Wildlife officials and conservationists in some African nations have recently—and strongly—opposed a proposal by the European Union to ban the importation of trophies. Most notably, Zimbabwe’s Climate Minister Oppah Muchinguri-Kashiri said that should the proposal pass, it will be a major blow to the country’s hunting industry.

“These machinations have far-reaching consequences, perpetuating negative perception of Zimbabwe’s hunting industry. From this meeting, the emphasis is on community benefits and participation, as we try to lobby the EU. It is important that we clearly point out the losses that the communities will incur if sport hunting is banned.,” Muchinguri-Kashiri told The Herald.

Wildlife officials in both Zimbabwe and Namibia say that the funds raised by hunters are vital in paying the salaries of game wardens, managing wildlife, and providing modern benefits to rural communities. The European Parliament’s proposed ban on trophy importation could lead to a drop-off in hunters, which could mean bad news for the region’s wildlife management plans.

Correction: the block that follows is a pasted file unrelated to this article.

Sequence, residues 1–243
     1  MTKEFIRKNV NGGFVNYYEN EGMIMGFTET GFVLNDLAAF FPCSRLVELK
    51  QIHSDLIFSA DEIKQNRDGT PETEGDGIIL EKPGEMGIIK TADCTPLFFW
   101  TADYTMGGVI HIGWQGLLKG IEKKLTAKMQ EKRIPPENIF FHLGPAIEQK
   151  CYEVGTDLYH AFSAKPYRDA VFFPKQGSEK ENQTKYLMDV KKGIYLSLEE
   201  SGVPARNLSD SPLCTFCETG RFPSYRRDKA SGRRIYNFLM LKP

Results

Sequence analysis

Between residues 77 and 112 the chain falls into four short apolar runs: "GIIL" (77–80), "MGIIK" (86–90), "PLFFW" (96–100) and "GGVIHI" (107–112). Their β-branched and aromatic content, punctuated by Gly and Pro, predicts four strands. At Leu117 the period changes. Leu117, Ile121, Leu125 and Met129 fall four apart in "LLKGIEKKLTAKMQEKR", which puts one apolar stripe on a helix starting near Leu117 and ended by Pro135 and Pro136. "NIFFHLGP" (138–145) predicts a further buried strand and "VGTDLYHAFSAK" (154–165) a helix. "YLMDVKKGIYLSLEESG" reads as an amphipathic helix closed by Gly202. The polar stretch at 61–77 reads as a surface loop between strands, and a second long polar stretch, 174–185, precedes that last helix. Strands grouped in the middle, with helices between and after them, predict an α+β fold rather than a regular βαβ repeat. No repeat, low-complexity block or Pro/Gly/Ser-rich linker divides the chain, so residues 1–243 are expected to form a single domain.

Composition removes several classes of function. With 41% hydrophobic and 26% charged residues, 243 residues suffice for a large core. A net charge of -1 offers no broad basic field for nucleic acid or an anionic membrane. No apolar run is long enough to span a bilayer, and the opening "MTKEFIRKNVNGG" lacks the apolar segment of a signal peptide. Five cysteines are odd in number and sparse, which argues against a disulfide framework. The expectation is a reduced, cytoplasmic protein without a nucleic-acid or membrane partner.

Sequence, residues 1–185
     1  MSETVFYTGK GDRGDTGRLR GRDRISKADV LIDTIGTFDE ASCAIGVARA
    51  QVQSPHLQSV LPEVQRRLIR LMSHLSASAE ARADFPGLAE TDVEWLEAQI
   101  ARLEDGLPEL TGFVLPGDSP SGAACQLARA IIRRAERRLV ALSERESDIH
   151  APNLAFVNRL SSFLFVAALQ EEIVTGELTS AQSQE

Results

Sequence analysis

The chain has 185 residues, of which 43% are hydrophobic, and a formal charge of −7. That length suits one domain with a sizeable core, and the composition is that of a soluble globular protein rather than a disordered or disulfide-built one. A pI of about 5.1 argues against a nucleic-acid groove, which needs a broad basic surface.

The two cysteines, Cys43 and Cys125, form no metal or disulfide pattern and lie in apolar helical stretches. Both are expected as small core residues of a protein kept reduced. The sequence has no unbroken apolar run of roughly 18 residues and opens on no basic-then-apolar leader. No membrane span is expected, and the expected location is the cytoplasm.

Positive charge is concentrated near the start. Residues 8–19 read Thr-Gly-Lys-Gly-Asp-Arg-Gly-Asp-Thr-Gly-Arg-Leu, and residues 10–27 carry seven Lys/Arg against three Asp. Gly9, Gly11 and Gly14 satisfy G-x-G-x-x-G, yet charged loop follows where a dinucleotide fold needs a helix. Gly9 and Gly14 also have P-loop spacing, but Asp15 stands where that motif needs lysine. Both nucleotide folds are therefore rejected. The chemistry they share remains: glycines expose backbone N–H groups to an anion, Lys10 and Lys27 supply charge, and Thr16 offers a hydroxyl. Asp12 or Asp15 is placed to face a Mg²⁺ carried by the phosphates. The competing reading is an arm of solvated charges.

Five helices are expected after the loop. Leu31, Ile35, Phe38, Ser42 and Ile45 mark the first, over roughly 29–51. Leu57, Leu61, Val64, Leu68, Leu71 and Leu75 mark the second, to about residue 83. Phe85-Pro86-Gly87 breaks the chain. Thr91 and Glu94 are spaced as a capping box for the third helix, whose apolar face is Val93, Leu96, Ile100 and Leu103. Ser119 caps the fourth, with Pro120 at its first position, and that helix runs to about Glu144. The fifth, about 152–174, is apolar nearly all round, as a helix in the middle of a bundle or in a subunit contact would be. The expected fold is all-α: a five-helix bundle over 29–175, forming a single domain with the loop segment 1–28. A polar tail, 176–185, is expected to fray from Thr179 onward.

“If the EU was truly committed to conservation, then we would urge you to further investigate the evidence that demonstrates how hunting has played a very critical role in securing conservation, rather than threatening it,” said Lawrence Sampofu, Governor of Zambezi, Namibia.

The proposed ban in the EU comes after the shooting of a famous lion last year by a dentist from Minnesota. That incident, which was first reported as poaching but later found by officials to be legal, led to world-wide outrage and condemnation of trophy hunting by many on social media. However, sportsmen and women have long defended hunting in Africa as a matter of conservation. Not only do hunters take old or aggressive animals, but they also provide the necessary funds to keep many parks and wildlife reserves open. Wildlife officials say that if fewer hunters visit Africa, they will not only lose that funding, but also the framework behind their current wildlife management system.

“This therefore implores us to ensure that our actions and activities do not compromise the most vital stakeholder in the industry because any negative impact results in loss of benefits to these communities and mean loss of value of wildlife to them, a situation that will lead to increased conflict and poaching.” Minister Muchinguri-Kashiri added.

 

Image from Hein waschefort on the Wikimedia Commons

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